Use of a theraband flexbar http://www.youtube.com/watch?v=zB3TVb8a5mk or hand gripper http://www.tennis-warehouse.com/Gripmaster_Hand__Finger_Exerciser/descpageGRIP-GRIP.html also can help prevent a recurrence.

Why are you using such a light racquet?
For wrist/elbow/shoulder health, the best racquet to use is the heaviest you can swing easily at full speed.
The problem with such a light racquet is that it lacks the mass to absorb shock, so the shock of bashing the ball is transferred to your wrist and arm.
If you do look for another racquet also consider getting one with a lower stiffness rating than the 69 rating of the surge.

Also, you don't mention what strings you use. Stiff poly strings could be contributing to the problem. Consider switching to more elastic multifilament or natural gut strings.


And do consider having a pro look at your strokes. Even with improving strength and equipment, if there is is problem with technique, recurrence is likely.

andry16
01-15-2012, 12:45 AM
to answer some questions:

-no i dont play with ww strokes, i play flat with little topsin or a little less flat with more topspin( depends on the circumstances)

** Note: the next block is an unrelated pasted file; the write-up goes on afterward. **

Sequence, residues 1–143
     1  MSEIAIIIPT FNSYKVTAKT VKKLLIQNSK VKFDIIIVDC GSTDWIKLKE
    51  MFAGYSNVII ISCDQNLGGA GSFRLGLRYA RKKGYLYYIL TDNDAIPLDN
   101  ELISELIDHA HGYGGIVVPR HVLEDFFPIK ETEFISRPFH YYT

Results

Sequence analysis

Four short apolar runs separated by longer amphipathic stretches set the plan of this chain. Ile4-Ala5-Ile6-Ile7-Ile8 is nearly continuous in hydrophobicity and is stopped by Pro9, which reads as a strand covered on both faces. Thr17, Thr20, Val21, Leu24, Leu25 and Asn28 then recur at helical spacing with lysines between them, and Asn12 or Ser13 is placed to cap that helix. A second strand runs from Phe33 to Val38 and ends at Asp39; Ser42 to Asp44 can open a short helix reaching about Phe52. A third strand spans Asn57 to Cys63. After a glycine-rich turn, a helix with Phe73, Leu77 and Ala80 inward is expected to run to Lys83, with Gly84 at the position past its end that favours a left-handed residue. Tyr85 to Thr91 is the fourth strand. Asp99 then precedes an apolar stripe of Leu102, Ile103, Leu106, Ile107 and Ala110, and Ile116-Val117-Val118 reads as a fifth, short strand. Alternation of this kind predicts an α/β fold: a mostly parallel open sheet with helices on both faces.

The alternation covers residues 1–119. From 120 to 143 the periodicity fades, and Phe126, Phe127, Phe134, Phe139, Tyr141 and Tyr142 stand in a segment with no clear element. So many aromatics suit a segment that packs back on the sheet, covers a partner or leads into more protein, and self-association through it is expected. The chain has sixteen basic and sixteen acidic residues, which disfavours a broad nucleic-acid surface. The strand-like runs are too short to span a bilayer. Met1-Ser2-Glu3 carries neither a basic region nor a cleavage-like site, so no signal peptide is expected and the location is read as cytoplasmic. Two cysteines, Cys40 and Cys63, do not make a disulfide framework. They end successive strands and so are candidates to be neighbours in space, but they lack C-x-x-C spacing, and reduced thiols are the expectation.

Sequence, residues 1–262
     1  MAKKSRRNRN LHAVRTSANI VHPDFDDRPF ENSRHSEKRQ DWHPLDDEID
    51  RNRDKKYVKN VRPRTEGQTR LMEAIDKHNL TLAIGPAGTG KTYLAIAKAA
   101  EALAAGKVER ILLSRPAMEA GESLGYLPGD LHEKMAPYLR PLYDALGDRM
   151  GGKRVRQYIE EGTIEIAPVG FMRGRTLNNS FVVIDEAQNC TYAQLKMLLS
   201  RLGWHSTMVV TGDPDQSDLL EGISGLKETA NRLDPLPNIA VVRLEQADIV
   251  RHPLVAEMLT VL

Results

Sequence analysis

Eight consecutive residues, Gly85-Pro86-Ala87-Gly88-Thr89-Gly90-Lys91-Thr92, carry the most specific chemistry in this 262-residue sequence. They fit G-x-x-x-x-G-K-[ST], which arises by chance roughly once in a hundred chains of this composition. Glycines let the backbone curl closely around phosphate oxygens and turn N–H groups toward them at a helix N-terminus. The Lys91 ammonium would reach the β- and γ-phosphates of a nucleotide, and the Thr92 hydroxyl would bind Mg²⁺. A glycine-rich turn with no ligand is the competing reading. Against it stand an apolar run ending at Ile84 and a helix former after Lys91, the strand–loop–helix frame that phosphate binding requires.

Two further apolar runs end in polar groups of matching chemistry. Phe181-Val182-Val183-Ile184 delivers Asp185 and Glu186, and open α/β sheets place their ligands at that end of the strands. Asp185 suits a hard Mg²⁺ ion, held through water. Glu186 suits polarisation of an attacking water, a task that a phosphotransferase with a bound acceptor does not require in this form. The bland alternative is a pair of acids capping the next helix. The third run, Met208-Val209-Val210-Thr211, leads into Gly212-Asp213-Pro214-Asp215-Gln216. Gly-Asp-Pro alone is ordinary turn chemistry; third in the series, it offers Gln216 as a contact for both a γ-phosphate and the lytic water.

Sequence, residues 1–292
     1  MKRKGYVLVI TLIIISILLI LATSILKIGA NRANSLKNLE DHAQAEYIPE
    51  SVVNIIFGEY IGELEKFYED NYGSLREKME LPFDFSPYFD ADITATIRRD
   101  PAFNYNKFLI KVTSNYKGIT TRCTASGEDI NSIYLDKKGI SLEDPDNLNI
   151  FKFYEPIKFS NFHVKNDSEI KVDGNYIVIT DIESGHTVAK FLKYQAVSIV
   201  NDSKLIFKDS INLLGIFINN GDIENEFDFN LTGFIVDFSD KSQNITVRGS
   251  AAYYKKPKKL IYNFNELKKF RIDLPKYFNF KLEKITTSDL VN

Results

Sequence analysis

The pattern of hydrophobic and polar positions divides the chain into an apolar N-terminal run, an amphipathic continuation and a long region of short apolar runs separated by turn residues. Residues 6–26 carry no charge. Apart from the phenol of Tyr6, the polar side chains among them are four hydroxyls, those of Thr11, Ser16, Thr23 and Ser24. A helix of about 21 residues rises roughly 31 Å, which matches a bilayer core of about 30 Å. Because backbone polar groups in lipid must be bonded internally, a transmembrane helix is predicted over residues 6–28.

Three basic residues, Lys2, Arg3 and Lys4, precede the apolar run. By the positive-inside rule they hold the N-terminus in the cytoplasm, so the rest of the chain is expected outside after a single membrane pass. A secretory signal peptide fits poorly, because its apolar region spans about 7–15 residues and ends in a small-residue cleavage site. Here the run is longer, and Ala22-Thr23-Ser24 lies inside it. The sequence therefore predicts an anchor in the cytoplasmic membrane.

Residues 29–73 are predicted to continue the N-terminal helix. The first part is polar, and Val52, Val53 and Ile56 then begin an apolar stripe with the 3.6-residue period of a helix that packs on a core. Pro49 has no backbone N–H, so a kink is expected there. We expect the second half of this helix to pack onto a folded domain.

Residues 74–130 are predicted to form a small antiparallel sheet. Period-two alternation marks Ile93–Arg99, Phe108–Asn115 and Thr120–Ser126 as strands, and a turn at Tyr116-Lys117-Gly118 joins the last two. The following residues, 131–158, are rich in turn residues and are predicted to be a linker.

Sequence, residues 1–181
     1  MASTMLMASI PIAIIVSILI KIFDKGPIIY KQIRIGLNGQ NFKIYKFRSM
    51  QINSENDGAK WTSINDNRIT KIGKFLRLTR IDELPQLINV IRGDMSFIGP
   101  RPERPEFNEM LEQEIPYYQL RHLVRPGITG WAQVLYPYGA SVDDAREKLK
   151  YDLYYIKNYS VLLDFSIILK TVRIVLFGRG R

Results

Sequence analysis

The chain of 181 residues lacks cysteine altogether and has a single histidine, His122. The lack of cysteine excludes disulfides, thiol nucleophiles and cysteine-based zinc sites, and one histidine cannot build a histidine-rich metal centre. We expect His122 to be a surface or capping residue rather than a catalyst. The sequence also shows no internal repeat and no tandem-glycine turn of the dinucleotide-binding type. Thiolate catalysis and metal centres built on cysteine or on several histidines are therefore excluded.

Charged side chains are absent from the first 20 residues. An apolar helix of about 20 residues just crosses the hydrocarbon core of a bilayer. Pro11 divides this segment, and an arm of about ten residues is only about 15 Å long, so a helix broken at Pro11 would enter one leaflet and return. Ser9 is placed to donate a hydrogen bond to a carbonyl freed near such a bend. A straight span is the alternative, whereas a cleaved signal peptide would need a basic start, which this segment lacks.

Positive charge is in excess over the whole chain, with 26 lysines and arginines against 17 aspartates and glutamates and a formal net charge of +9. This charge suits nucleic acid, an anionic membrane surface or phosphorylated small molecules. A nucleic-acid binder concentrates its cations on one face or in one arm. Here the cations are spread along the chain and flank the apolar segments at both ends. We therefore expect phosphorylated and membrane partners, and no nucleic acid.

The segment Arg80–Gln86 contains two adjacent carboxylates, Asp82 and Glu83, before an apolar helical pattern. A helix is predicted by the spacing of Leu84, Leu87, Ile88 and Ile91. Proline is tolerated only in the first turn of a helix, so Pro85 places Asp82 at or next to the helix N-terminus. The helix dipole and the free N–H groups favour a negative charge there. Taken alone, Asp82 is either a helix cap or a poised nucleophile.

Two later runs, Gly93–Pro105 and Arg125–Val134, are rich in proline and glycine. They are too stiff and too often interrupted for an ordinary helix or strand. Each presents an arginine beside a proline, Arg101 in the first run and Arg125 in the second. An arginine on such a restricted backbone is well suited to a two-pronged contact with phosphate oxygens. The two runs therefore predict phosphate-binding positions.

-i dont muscle the ball, i play as loose as i can

-i do a lot of strenght training without weight and that includes my arms and whole body

-yes i play with a full poliester setup (dunlop- dont know the name, its an all bright green string) strung at 60 lbs with a 290 grams raquet

-i have a coach whom i work with every training day so i have some good proper form( well maybe not that perfect because then i wouldnt have some pain)

-i feel the pain some days when blocking hard serves and overall groundstrokes and a few other times when moving my raquet on the air(not hitting the ball)

papa
01-15-2012, 08:18 AM
What does your coach think?

rufusbgood
01-15-2012, 08:21 AM
-yes i play with a full poliester setup (dunlop- dont know the name, its an all bright green string) strung at 60 lbs with a 290 grams raquet


Drop your tension 15 lbs and if you find your shots are sailing long just hit with more topspin. I suspect that unless you are a girl, the reason you are hitting flat is that your strings are so ridiculously tight that you can't get any court penetration hitting any other way. You might want to invest in a package of lead tape (under $5 most places) as well. That racquet being so light is probably not helping either.